"The roads crossing our land were all right, and most of the others near us; and a road is wonderful, if it is taking you to the woods or a creek or meadow; but when it is walking you straight to a stuffy little schoolhouse where you must stand up to see from a window, where a teacher is cross as fire, like Miss Amelia, and where you eternally hear things you can't see, there comes a time about the middle of April when you had quite as soon die as to go to school any longer; and what you learn there doesn't amount to a hill of beans compared with what you can find out for yourself outdoors. Schoolhouses are made wrong. If they must be, they should be built in a woods pasture beside a stream, where you could wade, swim, and be comfortable in summer, and slide and skate in winter. The windows should be cut to the floor, and stand wide open, so the birds and butterflies could pass through. You ought to learn your geography by climbing a hill, walking through a valley, wading creeks, making islands in them, and promontories, capes, and peninsulas along the bank. You should do your arithmetic sitting under trees adding hickory nuts, subtracting walnuts, multiplying butternuts, and dividing hazelnuts. You could use apples for fractions, and tin cups for liquid measure. You could spell everything in sight and this would teach you the words that are really used in the world. Every single one of us could spell incompatibility, but I never heard father, or the judge, or even the Bishop, put it in a speech." 

 "Had I life to live over, I see now where I could do more; but neighbor, believe me, my highest aspiration is to be a clean, thrifty housekeeper, a bountiful cook, a faithful wife, a sympathetic mother. That is life work for any woman, and to be a good woman is the greatest thing on earth.  Never mind about the ladies; if you can honestly say of me, she is a good woman, you have paid me the highest possible tribute."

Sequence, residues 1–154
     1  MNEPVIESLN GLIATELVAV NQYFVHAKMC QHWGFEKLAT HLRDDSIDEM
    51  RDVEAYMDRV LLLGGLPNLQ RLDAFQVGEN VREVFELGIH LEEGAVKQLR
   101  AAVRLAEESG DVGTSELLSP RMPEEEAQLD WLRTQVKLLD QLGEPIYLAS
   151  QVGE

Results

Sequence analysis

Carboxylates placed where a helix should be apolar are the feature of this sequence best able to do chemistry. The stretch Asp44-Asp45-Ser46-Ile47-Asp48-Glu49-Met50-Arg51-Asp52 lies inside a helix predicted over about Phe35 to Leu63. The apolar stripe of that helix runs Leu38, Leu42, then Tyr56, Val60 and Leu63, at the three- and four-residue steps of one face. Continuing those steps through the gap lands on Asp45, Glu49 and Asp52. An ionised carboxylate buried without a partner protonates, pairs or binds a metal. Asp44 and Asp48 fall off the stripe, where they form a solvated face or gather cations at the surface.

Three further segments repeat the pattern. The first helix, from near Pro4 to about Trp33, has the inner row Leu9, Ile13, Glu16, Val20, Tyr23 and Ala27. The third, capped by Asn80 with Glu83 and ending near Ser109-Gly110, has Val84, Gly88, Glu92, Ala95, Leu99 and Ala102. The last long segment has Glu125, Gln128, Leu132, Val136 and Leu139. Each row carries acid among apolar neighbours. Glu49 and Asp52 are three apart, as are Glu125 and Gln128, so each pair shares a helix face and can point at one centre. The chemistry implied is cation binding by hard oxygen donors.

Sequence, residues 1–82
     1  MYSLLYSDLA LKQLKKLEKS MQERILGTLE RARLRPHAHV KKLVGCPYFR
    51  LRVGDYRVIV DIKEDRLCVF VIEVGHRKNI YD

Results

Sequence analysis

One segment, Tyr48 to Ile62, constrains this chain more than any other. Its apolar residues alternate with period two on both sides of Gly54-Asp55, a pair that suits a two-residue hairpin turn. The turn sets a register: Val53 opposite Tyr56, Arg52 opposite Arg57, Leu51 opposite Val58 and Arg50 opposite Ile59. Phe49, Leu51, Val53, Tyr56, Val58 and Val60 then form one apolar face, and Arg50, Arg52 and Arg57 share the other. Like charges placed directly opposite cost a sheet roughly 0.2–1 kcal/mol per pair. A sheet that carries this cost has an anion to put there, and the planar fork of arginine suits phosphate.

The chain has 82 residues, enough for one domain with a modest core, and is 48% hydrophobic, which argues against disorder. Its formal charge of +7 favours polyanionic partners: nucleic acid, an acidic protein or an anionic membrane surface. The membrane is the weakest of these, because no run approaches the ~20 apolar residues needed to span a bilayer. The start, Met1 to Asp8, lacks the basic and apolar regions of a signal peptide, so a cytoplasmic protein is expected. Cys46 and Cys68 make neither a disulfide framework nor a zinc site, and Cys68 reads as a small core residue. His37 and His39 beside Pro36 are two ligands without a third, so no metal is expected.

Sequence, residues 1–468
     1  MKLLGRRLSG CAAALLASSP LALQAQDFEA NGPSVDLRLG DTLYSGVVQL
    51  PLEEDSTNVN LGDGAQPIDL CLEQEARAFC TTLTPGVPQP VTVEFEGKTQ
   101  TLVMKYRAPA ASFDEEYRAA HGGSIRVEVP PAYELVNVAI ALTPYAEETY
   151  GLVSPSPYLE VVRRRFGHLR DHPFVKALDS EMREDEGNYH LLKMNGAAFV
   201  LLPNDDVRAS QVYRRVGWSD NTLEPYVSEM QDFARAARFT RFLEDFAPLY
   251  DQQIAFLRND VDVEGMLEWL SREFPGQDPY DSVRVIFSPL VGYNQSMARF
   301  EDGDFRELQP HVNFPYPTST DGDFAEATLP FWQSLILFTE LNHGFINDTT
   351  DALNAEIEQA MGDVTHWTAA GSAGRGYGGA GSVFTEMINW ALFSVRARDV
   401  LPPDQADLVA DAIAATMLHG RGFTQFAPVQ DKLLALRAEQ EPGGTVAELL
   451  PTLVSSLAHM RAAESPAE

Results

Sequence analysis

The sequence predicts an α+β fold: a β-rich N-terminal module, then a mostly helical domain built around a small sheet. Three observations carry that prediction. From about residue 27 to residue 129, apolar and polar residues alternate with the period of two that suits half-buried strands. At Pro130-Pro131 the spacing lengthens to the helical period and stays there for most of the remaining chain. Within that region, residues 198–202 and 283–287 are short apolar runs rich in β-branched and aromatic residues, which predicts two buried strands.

"If I had made that morning myself I couldn't have done better.  It was sunny, spring air, but it was that cool, spicy kind that keeps you stopping every few minutes to see just how full you can suck your lungs without bursting.  It seemed to wash right through and through and make you all over. The longer you breathed it the clearer your head became, and the better you felt, until you would be possessed to try and see if you really couldn't fly.  I tried that last summer, and knocked myself into jelly.  You'd think once would have been enough, but there I was going down the road with Laddie's pie, and wanting with all my heart to try again. 
 Sometimes I raced, but I was a little afraid the pie would shoot from the shingle and it was like pulling eye teeth to go fast that morning.  I loved the soft warm dust, that was working up on the road.  Spat! Spat!  I brought down my bare feet, already scratched and turning brown, and laughed to myself at the velvety feel of it.  There were puddles yet, where May and I had "dipped and faded" last fall, and it was fun to wade in them.  The roadsides were covered with meadow grass and clover that had slipped through the fence.  On slender green blades, in spot after spot, twinkled the delicate bloom of blue-eyed grass.  Never in all this world was our Big Creek lovelier.  It went slipping, and whispering, and lipping, and lapping over the stones, tugging at the rushes and grasses as it washed their feet; everything beside it was in masses of bloom, a blackbird was gleaming and preening on every stone, as it plumed after its bath.  Oh there's no use to try- it was just Spring when it couldn't possibly be any better."